A line in the sand – The fall of the Alamo and the Rise of Texas — David Skillen – 25th July 2016.

David Skillen is a bat­tle­field guide for the Towton Battlefield Society where one of Britain’s blood­i­est days occurred at the Battle of Towton in 1461 during the War of the Roses.

Today’s talk from David was about the second biggest State in the U.S.A., Texas, which is over twice the area of the UK, and has less than half its pop­u­la­tion. A huge land between the Rio Grande and the Red River. It bor­ders Mexico and has a coast­line on the Gulf of Mexico.

Texas had been nearly always Spanish, ever since Spain claimed it in 1519, when the Indians roamed free. When Mexico broke with Spain in the early 1800s, a new Constitution was writ­ten by the Mexicans in 1824 to include Texas with Mexico. The people of Texas were not happy.

By 1835, the pop­u­la­tion of Texas was around 20,000, and Texas was push­ing for inde­pend­ence from Mexico, for the right to govern them­selves, and to join the U.S.A.  Many people were coming into the ter­rit­ory, because of cheap land, no taxes for 10 years, min­imum gov­ern­ment, and the Catholic reli­gion. This cre­ated 2 dis­tinct types of people – the Tejano of Spanish origin and the Texans from other ori­gins.

The Alamo became the ral­ly­ing point for the fight for inde­pend­ence which was brew­ing. It was ori­gin­ally a Catholic mis­sion sta­tion built in 1716, but had served its pur­pose and closed by 1793: it re-opened as a fort in 1803. The name came from the name of a com­pany not a place. What remains of the fort, which includes the church and the inner court­yard are now a Heritage site and shrine with 2.5 mil­lion vis­it­ors each year, in the middle of todays San Antonio (7th biggest city in the U.S.A.)

In 1835, the Alamo was defen­ded by an insuf­fi­cient force of 200, who were a motley crew, but motiv­ated to fight for inde­pend­ence. Davy Crocket, a coun­try back­woods man, who was naïve but an honest good speaker and who had been in Congress until 1835, also joined them that year.

Antonio Lopez de Santa Anna, an oppor­tun­ist Mexican General came across the Rio Grande and arrived at The Alamo on 23rd Feb. 1836 with 1800 men who were good sol­diers.

Jim Bowie, a man who had been affected by the loss of all his family to chol­era, and who had become a drunk, a fighter, fraud­ster, slave trader etc., and was prob­ably escap­ing from the law, was ini­tially in charge of the forces in the fort, but fell ill and retired to his bed.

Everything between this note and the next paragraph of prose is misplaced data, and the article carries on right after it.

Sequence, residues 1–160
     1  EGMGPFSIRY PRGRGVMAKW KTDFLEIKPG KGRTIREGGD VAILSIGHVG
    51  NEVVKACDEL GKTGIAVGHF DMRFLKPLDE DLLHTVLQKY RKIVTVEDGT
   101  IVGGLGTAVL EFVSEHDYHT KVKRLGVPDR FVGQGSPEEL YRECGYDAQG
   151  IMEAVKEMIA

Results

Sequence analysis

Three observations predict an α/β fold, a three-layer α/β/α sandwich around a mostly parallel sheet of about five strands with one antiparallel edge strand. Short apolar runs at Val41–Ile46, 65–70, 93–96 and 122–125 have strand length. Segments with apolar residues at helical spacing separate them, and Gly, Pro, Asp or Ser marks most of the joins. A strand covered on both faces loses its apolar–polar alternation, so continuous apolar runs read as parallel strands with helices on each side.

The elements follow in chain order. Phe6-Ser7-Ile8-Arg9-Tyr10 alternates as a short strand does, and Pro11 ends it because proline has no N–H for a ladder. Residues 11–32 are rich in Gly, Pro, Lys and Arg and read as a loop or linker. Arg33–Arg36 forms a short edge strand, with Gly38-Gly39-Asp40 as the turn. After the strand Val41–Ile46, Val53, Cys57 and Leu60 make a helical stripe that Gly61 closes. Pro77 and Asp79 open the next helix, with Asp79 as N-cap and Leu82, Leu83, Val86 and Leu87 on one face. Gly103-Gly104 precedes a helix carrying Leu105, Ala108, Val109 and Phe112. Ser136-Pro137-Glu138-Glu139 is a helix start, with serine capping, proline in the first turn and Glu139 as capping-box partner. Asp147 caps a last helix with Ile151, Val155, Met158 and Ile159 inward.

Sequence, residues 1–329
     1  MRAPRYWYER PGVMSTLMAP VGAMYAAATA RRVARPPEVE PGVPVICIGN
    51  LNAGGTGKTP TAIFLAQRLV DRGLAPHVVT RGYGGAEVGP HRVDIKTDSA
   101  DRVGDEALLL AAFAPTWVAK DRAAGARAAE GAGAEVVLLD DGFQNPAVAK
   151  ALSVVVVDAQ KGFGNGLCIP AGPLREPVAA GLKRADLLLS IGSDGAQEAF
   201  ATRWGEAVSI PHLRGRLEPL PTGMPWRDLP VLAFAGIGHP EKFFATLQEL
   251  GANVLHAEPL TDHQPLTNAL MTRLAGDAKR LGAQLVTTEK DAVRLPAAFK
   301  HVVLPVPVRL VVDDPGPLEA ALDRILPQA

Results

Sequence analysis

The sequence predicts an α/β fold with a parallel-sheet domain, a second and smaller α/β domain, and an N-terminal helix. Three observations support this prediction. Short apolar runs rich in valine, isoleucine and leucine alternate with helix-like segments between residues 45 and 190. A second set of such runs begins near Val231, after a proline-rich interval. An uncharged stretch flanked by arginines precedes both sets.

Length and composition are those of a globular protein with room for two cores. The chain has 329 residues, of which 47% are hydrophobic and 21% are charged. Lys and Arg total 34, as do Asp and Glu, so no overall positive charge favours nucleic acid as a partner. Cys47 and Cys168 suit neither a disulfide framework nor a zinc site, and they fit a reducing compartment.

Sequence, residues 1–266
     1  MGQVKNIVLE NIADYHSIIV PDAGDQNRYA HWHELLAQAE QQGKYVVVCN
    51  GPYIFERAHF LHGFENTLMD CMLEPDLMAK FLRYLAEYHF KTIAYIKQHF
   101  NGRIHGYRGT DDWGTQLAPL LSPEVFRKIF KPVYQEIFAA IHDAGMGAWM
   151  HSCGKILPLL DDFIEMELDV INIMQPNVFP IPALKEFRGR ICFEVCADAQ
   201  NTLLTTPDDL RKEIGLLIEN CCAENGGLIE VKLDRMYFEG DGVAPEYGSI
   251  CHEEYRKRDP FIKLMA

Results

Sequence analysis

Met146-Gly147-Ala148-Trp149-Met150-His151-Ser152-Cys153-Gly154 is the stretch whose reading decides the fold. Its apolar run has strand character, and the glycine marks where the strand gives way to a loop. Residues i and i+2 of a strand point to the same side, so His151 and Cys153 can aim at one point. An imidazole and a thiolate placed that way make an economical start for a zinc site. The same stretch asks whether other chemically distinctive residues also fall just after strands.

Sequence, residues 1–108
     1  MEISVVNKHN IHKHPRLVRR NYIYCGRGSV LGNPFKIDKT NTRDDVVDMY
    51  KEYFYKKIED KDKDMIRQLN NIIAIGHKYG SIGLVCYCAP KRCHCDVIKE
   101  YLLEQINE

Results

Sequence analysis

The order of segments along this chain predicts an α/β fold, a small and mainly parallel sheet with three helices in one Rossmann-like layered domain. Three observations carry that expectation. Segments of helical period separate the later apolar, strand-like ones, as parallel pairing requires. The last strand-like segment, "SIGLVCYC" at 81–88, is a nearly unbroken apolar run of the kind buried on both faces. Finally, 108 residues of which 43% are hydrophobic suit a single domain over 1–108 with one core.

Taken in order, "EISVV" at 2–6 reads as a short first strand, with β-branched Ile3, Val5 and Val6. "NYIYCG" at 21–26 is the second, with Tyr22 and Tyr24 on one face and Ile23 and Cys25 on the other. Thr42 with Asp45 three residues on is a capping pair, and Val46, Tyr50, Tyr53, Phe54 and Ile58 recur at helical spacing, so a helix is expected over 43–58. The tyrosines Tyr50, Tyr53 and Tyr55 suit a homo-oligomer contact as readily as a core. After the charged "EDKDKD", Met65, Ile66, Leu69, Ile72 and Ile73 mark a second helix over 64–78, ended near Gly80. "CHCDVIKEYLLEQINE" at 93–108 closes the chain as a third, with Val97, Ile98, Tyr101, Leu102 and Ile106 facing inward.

William Barret Travis, a modest, cha­ris­matic man, took com­mand.

He drew a line in the sand and asked the men who wished to fight to step over the line. Only one refused, Moses Rose.

Battle com­menced at 5am on 6th March 1836, and with only 30 rein­force­ments being able to gain access to the fort and Travis killed whilst lead­ing the defence, Davy Crocket took com­mand. With super­ior num­bers and con­tin­ued cannon fire aimed at the walls, the Mexicans gained access to the outer fort. The Texans did not spike their own guns, so these were used against them on the inner fort and the Mexicans were able to over­come  Jim Bowie and Davy Crocket, whilst they were defend­ing, in heroic cir­cum­stances. At 6.30, the battle was over. 20 people escaped but even­tu­ally, all the defend­ers were killed. The Mexicans lost 400 to 600 men. However, the women and chil­dren were spared, along with the slaves. One of the women lived until she was 70.

General Santa Anna then rode east­wards to try and con­quer Texas. At Goliad he came across James Walker Fannin and his men, who had been unable to reach the Alamo in time to help, but they were cap­tured whilst defend­ing their pos­i­tion and were all executed.

Anger amongst the Texan people now moun­ted suf­fi­ciently for the impres­ario found­ing fath­ers of Texas, Stephen Austin and Sam Houston to gather a force and coun­ter­at­tack to beat Santa Anna at San Jacinto, where there is a monu­ment. Santa Anna was well beaten there and retreated to Mexico.

Texas then became a state of the U.S.A.27

Santa Anna tried again in the 1840s to con­quer Texas but was this time beaten by the U.S. Army.

Texas joined the Confederate Army during the American Civil War in 1861, and then re-joined the U.S.A. after the war.

With our know­ledge of this bit of his­tory mostly con­fined to a John Wayne/Davy Crocket film and song, it was a most enter­tain­ing and enlight­en­ing morn­ing with a prom­ise of fur­ther talks by David.